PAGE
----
Such is the mantra of Graphicly founder and serial entrepreneur Micah Baldwin. In these seven words, Micah captures the essence of the thousands of words published in the legal press about a litany of challenges:
- firm dissolutions and failures
- partner de-equitization and income reduction
- layoffs and RIFs
- narrowed and lengthened partner tracks for associates
- client demands that legal services be delivered and priced differently
- out-of-category competition, e.g., offshoring, technology, and "in-housing"
- solos' squeeze in B2B and B2C
- newly-minted lawyers' surviving a no-job market
Baldwin's company is an Internet startup, but lawyers would be well served to embrace his wisdom. Throughout the careers of all but the most recently-arrived lawyers, only one of Baldwin's trio mattered: "building," as in creating legal work-product and training young lawyers.
"Selling" was the province of a rare and poorly-understood breed called "rainmakers," who worked their mysterious revenue alchemy without anyone else having to pay much attention other than making sure the work the brought in got done satisfactorily.
Until 2009, "leaving" was relatively rare, and almost always voluntary.
Offered a choice of the three roles in this title, I suspect most lawyers would immediately volunteer for "building." The problem is that the legal-service demand curve has peaked and the law biz is intensely competitive and becoming more so with the arrival of a growing number of alternatives to traditional law firms. There are more than enough builders, thank you very much, and a dire shortage of sellers. The result is a flood of involuntary "leaving" -- or, in the case of new JDs, "not arriving."
"Leaving" is an effect of the gross imbalance between builders and sellers, so let's set that aside for now and address the cause.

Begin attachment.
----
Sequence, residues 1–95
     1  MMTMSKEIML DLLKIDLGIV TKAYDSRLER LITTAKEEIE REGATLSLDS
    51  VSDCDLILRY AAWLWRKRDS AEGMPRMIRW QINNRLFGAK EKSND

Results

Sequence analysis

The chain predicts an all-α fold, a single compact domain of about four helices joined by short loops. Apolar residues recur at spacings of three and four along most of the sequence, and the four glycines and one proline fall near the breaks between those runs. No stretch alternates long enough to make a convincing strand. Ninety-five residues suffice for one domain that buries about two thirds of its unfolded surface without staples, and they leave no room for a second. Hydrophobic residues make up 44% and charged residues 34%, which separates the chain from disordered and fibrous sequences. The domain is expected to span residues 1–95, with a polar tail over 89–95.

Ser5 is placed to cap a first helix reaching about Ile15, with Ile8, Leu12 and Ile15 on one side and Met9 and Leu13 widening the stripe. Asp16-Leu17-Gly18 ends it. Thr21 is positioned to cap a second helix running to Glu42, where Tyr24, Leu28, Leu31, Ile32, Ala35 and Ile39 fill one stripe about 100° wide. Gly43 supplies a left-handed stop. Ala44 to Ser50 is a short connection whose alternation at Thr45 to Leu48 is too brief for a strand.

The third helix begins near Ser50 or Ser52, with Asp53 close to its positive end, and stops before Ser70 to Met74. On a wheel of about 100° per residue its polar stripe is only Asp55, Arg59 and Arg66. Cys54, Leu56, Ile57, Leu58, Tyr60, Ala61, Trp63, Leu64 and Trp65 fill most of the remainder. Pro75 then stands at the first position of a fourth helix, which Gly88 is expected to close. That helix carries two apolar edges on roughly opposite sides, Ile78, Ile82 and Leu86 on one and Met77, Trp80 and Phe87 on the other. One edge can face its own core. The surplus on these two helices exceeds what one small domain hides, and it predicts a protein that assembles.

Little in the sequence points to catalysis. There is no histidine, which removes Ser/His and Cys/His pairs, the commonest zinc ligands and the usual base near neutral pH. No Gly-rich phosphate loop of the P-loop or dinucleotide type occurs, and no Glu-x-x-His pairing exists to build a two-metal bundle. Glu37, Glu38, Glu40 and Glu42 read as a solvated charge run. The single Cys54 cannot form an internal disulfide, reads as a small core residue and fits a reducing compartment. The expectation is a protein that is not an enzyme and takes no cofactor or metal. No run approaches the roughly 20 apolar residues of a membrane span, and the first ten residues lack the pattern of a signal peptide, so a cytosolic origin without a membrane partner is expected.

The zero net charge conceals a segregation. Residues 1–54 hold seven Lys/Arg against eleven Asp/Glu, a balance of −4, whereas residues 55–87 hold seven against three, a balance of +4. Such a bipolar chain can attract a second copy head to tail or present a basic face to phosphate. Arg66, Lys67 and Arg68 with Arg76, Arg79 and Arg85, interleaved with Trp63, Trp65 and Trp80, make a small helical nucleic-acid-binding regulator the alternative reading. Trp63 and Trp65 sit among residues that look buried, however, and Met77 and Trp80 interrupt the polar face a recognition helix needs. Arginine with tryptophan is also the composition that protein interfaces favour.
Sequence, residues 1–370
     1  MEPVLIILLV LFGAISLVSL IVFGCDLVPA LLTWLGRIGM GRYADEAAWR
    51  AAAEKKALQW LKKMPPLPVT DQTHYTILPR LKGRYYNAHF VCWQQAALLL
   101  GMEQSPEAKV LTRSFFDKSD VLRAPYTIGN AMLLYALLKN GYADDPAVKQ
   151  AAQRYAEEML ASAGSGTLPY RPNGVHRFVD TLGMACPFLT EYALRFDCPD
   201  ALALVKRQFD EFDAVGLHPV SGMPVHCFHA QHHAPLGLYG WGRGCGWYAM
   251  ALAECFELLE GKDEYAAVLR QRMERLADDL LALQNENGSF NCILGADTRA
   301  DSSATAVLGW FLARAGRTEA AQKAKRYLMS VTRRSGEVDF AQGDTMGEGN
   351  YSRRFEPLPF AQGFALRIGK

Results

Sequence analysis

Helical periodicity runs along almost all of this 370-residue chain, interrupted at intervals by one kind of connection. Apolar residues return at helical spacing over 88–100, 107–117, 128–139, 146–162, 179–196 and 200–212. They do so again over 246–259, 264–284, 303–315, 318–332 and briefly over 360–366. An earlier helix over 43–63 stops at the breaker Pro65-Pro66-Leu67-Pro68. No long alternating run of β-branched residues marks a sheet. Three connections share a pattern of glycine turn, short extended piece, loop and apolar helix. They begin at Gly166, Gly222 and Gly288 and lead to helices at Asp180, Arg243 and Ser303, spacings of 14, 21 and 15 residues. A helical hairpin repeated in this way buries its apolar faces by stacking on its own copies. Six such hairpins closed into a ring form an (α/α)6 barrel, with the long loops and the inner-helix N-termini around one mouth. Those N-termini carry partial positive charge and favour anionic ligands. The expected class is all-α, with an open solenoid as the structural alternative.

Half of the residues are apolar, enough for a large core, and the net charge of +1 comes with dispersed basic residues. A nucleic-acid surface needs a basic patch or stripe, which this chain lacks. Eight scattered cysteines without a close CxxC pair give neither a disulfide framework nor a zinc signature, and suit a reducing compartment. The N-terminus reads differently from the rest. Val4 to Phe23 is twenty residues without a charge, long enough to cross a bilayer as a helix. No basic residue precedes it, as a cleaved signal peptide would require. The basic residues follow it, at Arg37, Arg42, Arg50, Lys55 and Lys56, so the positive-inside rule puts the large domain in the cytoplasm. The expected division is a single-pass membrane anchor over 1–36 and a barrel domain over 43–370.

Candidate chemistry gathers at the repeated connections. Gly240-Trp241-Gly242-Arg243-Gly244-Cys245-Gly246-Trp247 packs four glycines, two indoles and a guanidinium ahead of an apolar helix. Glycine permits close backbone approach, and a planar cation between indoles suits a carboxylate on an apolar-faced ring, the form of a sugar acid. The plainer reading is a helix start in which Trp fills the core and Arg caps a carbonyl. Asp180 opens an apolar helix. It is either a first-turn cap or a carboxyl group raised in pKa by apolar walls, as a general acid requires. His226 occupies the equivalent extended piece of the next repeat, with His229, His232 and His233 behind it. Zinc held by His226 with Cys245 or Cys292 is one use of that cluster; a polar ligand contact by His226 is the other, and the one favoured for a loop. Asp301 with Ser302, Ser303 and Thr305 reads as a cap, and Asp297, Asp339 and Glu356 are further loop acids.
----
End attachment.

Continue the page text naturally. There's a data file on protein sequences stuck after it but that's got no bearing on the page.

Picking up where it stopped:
Supply v. Demand.
Because of oversupply, builders are not in demand. They're asked to leave, either directly, or indirectly encouraged to leave by stripping them of partnership or income, or otherwise marginalizing them, causing them to leave for their psychic survival.
Sellers are in demand because there are too few of them relative to the revenue-generation needs of firms. In The Shawshank Redemption, Andy Dufresne urges "get started living, or get started dying." For lawyers it's "get started selling, or get started leaving."
Fortunately, selling can be learned. It's not some birthright or innate capability. It's a process, and lawyers are process-oriented. (The good news is that it requires only a different application of the "lawyering" skills you already trust.)
Baldwin simplifies further: "For a company to be successful there are literally only two functions the company has to perfect. Building and Selling. Thats it."
You already know how to build. Now, learn how to sell. Then, sell, and enjoy the rewards of being in demand.
Marketing and Selling are learned skills, not innate ones.
If you've ever purchased or participated in any kind of business development training, you know that much of the training you're asked to devote time to feels like "just in case." You can't see any immediate application for it, so you put it in the "get around to it when I have extra time" column. (We both know when you'll have extra time.)
RainmakerVT can help you develop the rainmaking skills you need to succeed amid real competition. This is not your grandfather's training. There's no program to follow, no big commitments, no nagging.
This is just-in-time training. That means you buy only the course you need right now to prepare for what you'll face in the next week or so.